Photo submitted Tommy Marcellino, right, has his hand raised after defeating Jeremy Ross, left, by unanimous decision for the Reality Fighting lightweight title Friday in Uncasville, Conn.
By ADAM SHINDER
Surrounded by friends, family and supporters, clutching his newly-won Reality Fighting lightweight championship belt in his hands, Amsterdam's Tommy Marcellino could feel the sum of his experiences from adolescence to the present day all laid out before him.
"I've been working so hard and so long for the same goal," Marcellino said Monday. "You see guys do things for a little while, but I've been doing combat sports since I started wrestling and boxing as a pre-teen. In middle school, I was doing combat sports, and I really feel like my whole life leads up to my fights. So, winning a title like that means a lot to me."
Marcellino left little doubt in the main event of Reality Fighting 52 at the Mohegan Sun Casino in Uncasville, Conn. Brought in to fight Jeremy Ross as a replacement on a month's notice, Marcellino (7-2) nearly finished the fight in the first round and kept pressing Ross until the final bell, winning the title by a five-round unanimous judges' decision.
While Marcellino certainly would've liked to end the fight in spectacular fashion when he had Ross on the ropes late in the first round, there was a pride in seeing the fight out for the full 25 minutes -- the longest he's ever had to go in his nine-fight MMA career.
"It was a nice test to prove that I could go for a five-round fight," Marcellino said. "Not that the question was really ever there, but now I actually did it."
Riding a two-fight win streak heading into Friday, Marcellino came into the fight as a replacement for original title contender Andrew Calandrelli and had to go through a crash course to prepare for Ross, a brown belt in Brazilian Jiu-Jitsu and a veteran of the New England MMA circuit.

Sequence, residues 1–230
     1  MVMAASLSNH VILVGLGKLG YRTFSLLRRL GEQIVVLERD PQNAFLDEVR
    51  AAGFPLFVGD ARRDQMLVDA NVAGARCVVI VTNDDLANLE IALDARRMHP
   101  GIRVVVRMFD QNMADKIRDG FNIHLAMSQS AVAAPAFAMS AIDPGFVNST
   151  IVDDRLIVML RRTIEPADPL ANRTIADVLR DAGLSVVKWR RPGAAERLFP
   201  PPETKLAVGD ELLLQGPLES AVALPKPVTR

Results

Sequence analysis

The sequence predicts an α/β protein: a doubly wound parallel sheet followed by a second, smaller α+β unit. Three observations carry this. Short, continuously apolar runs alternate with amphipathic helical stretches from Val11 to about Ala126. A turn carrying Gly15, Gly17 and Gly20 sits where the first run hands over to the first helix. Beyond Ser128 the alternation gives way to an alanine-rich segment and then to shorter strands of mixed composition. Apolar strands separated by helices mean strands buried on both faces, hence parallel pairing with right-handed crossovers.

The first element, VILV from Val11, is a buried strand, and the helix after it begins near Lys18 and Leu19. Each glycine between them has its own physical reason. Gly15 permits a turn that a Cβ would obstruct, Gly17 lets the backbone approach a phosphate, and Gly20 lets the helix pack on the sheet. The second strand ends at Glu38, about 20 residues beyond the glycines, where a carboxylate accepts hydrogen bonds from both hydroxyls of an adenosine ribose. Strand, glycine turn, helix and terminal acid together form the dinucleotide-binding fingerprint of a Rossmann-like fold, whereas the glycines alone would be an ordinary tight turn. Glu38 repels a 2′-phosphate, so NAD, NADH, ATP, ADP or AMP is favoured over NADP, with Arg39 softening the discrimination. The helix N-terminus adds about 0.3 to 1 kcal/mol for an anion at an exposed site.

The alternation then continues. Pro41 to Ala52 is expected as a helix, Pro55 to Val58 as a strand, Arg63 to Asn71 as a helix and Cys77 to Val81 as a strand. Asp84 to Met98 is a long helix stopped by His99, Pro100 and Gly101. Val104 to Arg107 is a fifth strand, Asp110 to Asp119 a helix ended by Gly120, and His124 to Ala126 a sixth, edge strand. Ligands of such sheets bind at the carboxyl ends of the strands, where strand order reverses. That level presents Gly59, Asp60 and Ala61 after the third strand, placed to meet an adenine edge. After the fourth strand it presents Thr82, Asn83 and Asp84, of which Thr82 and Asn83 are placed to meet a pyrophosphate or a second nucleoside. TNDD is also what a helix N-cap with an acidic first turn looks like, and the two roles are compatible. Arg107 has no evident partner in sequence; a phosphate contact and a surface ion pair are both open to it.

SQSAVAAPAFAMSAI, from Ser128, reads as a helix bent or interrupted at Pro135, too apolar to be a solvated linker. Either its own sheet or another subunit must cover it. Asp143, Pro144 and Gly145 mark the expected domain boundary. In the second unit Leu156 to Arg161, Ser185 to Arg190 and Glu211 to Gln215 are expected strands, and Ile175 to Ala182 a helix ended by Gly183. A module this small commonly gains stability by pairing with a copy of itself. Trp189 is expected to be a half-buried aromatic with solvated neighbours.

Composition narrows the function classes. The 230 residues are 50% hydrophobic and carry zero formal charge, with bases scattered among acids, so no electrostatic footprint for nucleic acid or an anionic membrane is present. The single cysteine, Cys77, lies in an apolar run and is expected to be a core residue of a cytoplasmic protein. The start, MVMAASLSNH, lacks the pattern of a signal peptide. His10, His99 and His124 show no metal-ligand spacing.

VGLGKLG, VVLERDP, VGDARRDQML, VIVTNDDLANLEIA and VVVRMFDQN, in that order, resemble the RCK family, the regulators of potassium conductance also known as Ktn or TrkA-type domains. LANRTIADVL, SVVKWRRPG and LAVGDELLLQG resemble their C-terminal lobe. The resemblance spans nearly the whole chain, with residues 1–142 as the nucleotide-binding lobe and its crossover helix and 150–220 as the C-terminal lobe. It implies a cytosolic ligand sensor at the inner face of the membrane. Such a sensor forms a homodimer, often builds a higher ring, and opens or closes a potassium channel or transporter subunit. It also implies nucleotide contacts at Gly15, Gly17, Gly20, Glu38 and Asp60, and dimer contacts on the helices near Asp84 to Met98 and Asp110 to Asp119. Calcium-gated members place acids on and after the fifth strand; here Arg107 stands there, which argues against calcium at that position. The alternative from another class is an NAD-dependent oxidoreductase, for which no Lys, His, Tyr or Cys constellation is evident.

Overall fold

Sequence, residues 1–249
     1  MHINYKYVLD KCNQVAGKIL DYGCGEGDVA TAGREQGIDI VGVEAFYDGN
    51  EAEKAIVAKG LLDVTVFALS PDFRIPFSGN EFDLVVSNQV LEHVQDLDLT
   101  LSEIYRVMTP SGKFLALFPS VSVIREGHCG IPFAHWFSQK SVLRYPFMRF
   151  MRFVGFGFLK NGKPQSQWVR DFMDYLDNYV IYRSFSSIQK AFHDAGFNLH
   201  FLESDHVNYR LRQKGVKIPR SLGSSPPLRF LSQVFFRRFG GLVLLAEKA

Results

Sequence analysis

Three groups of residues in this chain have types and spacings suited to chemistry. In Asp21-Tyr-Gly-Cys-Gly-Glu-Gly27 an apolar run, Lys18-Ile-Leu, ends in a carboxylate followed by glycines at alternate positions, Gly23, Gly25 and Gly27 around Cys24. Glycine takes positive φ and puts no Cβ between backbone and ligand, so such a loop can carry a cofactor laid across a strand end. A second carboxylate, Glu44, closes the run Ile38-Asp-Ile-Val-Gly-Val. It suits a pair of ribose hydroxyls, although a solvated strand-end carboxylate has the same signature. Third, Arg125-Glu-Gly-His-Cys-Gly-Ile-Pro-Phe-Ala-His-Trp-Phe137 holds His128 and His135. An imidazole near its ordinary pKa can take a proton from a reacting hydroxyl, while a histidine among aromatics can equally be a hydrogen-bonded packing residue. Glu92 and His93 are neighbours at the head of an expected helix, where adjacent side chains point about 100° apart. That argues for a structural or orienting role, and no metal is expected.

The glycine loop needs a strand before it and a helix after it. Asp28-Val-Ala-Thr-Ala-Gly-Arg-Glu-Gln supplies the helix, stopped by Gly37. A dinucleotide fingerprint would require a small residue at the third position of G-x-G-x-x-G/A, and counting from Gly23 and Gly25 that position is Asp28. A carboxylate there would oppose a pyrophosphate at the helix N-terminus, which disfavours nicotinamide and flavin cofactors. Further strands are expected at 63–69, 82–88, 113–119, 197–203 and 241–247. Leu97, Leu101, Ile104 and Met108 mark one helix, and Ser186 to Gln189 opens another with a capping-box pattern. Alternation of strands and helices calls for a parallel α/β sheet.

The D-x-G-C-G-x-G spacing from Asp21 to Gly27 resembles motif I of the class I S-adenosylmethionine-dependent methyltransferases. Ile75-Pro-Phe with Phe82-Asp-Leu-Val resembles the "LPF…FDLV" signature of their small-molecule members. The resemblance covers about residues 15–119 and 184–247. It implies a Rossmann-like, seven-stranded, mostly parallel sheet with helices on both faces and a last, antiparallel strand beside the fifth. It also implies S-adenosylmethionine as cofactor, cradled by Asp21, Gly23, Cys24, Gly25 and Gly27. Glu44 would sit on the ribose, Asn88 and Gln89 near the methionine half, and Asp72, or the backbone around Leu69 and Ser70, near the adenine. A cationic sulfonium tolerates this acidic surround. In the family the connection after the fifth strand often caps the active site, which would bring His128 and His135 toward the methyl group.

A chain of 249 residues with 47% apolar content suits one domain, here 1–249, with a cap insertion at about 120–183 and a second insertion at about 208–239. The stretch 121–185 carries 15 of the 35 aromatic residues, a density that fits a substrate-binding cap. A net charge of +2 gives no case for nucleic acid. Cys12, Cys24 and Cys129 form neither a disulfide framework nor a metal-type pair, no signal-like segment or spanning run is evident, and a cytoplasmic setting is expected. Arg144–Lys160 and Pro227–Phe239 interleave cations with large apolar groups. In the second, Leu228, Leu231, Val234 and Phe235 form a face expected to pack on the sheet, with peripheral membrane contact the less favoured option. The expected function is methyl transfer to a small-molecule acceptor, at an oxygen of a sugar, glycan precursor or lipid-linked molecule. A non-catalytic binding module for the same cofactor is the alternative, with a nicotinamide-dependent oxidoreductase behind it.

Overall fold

"It wasn't like we had a plan to stand or be on the ground, it was like, 'OK, he does a few specific things really, really well. For us to win this fight, we have to shut down those things,'" Marcellino said.
Keeping a particular eye on Ross' kicks during standing exchanges and his array of chokeholds in the ground game, Marcellino used his wrestling skills to control the fight with takedowns and avoided serious danger.
"Some of the things we worked on shut down the stuff he did, which kind of put the ball in my court," he said.
That nearly culminated with a referee stoppage as the first round came to a close, but Ross was allowed to hold on until the bell and continue in the fight.
"I threw with everything I had, but the ref kept letting it go," Marcellino said.
After the first-round drama, Marcellino controlled the final four rounds and was the clear winner on the judges' scorecards.
Then, when the results were announced and the title was strapped around his waist, a veritable sea of Marcellino supporters -- nearly all of them in turquoise "Tommy Gunnz" T-shirts -- hit the cage to celebrate with the new champion.
"There were a lot of people from home," Marcellino said. "It was nice, having them come in the cage after."
Friday's fight came less than three months after Marcellino's previous victory, a March 22 submission win over Ricky Nuno in Philadelphia. After that fight, Marcellino was back in the gym the next day. This time around, the various cuts, scrapes and bruises he received in the bout against Ross will likely keep him from returning to training until at least next week.
When he does get back in the gym, he'll map out a course toward his next fight -- when he'll likely walk back into Reality Fighting's home at the Mohegan Sun Casino in front of 5,000-plus fans as a defending champion.
"I don't really know what's next, just waiting to hear what happens," he said. "I'll see when they want me to defend my title."
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